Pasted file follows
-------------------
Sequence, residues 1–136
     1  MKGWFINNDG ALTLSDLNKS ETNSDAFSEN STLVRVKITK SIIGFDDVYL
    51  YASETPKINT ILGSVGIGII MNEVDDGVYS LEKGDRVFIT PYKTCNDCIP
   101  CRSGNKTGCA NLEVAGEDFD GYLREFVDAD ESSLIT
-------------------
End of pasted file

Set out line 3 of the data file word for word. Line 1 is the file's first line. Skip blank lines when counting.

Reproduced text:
    51  YASETPKINT ILGSVGIGII MNEVDDGVYS LEKGDRVFIT PYKTCNDCIP